The second wave of the Business Tracker Survey conducted by the Ghana Statistical Service indicates that about 13,000 businesses that decided to close down as a result of the coronavirus pandemic have rescinded their decisions.
This is due to some interventions made by government and other sources.
The survey revealed that Ghanaian businesses are recovering, with many firms now fully re-opened, following the lifting of the country’s partial lockdown.
However, the results show that firms continue to report decline in sales, difficulties in sourcing inputs, and challenges in finding financial resources to cover revenue shortfalls.
Businesses reported an average decline in sales of an estimated ¢85.5 million (51.5%), but this is an improvement compared to results from the first round Business Tracker, carried out in May/June, which reported an estimated decline in sales of ¢115.2 million (6%).
Also, about 46,000 businesses are still temporarily or permanently closed down, months after the lifting of some restrictions put in place by government.
The findings also showed decline in sales continue to impact on employment and the operating model of firms.
Despite improvements over the first-round results, the latest results indicate the COVID-19 shocks forced many firms to continue to cut costs by reducing staff hours, wages, and in some cases laying off workers.
About 297,088 estimated workers had their wages reduced in August-September, whilst 230,361 estimated workers had reductions in their working hours, with 11,986 estimated employees being laid-off.
Though the number of workers affected have reduced compared to findings in May/June, (where 770,124 had their wages reduced, 297,088 workers had reduced working hours and 41,952 workers were laid-off), the results show the pandemic continue to negatively impacts labour.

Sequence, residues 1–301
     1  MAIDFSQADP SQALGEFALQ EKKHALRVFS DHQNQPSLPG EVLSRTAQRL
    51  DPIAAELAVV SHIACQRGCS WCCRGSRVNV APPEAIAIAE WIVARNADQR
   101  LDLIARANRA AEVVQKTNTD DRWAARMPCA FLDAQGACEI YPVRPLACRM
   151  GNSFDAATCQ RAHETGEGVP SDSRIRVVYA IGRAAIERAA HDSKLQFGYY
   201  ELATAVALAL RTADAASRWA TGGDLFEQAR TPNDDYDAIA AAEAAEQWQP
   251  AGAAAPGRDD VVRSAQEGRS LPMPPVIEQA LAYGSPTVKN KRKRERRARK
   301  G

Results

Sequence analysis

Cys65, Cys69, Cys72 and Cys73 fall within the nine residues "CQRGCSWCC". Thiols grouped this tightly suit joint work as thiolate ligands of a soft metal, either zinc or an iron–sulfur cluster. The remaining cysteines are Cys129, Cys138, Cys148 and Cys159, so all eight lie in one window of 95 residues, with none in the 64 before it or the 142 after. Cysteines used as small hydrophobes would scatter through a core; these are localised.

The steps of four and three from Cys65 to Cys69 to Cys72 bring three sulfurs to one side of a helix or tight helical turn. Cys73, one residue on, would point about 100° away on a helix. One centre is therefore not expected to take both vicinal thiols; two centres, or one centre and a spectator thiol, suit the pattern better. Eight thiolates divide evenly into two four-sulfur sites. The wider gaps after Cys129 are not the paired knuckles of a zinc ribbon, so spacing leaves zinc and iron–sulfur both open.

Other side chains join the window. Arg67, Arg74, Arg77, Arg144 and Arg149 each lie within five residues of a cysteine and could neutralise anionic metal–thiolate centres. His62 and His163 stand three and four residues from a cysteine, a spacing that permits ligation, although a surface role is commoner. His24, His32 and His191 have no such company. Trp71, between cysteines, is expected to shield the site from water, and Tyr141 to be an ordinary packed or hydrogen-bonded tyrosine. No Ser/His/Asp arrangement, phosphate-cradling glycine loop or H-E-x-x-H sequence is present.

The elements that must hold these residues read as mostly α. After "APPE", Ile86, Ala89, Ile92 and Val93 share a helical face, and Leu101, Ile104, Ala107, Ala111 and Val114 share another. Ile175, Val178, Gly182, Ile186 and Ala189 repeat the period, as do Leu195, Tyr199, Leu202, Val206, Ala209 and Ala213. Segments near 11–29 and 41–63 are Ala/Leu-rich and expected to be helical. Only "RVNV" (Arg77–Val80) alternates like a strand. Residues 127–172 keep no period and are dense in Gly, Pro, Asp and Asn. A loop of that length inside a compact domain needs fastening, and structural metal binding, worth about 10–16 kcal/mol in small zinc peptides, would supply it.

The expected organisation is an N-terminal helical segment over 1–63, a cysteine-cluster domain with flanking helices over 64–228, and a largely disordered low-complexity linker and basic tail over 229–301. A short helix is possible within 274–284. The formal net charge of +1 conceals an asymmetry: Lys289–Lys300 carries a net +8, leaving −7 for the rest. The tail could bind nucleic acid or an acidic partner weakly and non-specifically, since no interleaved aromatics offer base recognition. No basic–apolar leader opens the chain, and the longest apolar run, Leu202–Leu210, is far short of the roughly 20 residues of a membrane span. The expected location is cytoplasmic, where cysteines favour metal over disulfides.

Cashflow problems persist, with 7 out of 10 firms (70% from 76% in the first tracker) reporting a deterioration in their cash flows, an indication of continuing weakness.
The survey also showed that firms which benefited from government support almost tripled, compared to the first-round results, with currently 9% of firms (up from 3% in the first-round survey). Many firms continue to indicate that they were not aware of support programes, suggesting the need for increased awareness and clarity on the guidelines and requirements of current programs.
Moreover, trading under the African Continental Free Trade Area (AfCFTA) is expected to start in January 2021, and this second round survey enquired about the businesses’ knowledge and perspectives of the AfCFTA. Only a quarter of firms (26.2 percent) report that they are aware of the AfCFTA.
Government Statistician, Professor Samuel Kobina Annim told Journalists in Accra that there has been a reduction in the number of expected business closures after a second survey.
“The COVID-19 Business Tracker is one of the three COVID-19 impact studies being carried out by GSS with nationally representative samples. The results from this second wave of the Business Tracker Survey aim to provide critical information in monitoring the effects of the pandemic on businesses”, he said.
The second round of the Business Tracker (a panel survey) was conducted between August 15 – September 10, 2020, by the Ghana Statistical Service (GSS), in collaboration with the United Nations Development Programme (UNDP), and the World Bank, following the first round conducted between May 26 and June 17, 2020.
A total of 3,658 firms from the first Business Tracker survey were re-interviewed, to understand the impact of COVID-19 on the private sector over time.